Tedlow, R. S. Giants of Enterprise: Seven Business Innovators and the Empires They Built. New York, NY: HarperBusiness, 2001. (Selected as one of the 10 best business books of the year 2001 by Business Week. It has also been translated into 7 languages, including Chinese (complex characters), Chinese (simplified characters), Indonesian, Hungarian, Korean, Portuguese (Brazil) and Russian.) View Details

Journal Articles

  1. Nothing to See Here: Richard Tedlow Explains Why So Many CEOs Refuse to Confront the Truth

    The article presents an interview with business historian Richard Tedlow on the topic of why chief executive officers (CEOs) sometimes refuse to acknowledge data or information that indicate they need to shift their strategy. He notes that denial is a typical response to terrifying truths. He says CEOs need to surround themselves with people unafraid to be truthful, and that CEOs should be proactive in soliciting contrary points of view.

    Keywords: Management;

    Citation:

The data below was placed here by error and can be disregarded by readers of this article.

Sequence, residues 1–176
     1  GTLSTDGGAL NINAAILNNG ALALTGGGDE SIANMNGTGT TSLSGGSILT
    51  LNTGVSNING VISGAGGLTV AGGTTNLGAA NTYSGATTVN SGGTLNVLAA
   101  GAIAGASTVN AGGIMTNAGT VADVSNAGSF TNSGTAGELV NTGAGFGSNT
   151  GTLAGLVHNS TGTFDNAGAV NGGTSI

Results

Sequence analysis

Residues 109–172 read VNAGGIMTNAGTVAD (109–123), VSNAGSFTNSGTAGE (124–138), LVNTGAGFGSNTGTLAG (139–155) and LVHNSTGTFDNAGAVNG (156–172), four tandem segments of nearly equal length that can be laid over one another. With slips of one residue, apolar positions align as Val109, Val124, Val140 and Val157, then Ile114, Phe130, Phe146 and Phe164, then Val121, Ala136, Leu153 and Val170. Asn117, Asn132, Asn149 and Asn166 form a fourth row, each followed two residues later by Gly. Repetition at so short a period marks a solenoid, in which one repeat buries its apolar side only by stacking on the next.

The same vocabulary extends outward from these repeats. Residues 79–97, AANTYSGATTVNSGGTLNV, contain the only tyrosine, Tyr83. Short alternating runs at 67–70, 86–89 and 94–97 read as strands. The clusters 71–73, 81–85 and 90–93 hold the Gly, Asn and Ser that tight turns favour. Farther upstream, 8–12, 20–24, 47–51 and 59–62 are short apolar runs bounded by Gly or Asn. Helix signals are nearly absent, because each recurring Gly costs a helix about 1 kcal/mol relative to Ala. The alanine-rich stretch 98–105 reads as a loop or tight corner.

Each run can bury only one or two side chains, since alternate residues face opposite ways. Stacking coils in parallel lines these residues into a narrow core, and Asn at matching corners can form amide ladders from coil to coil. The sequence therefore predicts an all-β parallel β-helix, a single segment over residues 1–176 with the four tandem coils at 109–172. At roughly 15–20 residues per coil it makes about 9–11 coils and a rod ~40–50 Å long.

Tedlow, Richard S. "Nothing to See Here: Richard Tedlow Explains Why So Many CEOs Refuse to Confront the Truth." Conference Board Review (spring 2010). (A conversation with Richard Tedlow, by Matthew Budman.) View Details
  2. Leaders in Denial

    Henry Ford's stubborn refusal to admit the changeability of consumer demand allowed Chrysler and GM to horn in on his market. Half a century later the whole U.S. auto industry made the same mistake: Enter the Japanese. But denial comes in many forms, as Sears, Digital Equipment, and Bear Stearns can attest.

    Keywords: Decision Choices and Conditions; Judgments; Leadership; Demand and Consumers; Auto Industry; United States;

    Citation:

    Tedlow, Richard S. "Leaders in Denial." HBS Centennial Issue. Harvard Business Review 86, nos. 7/8 (July–August 2008). View Details
  3. The Dangers of Wishful Thinking

    Too many U.S. businesses (including tires, super-markets, and information technology) have been infected with the disease of denial. The answer? In Lincoln's words, “We must disenthrall ourselves.”

    Keywords: Knowledge Acquisition; Knowledge Use and Leverage; Leadership; Growth and Development Strategy; Success; Behavior; Cognition and Thinking;

    Citation:

    Tedlow, Richard S., and David Ruben. "The Dangers of Wishful Thinking." American: A Magazine of Ideas (January–February 2008). View Details
  4. Making Choices: Aspects of the History of the Harvard Business School MBA Program

    Keywords: Higher Education; History; Decision Choices and Conditions; Boston;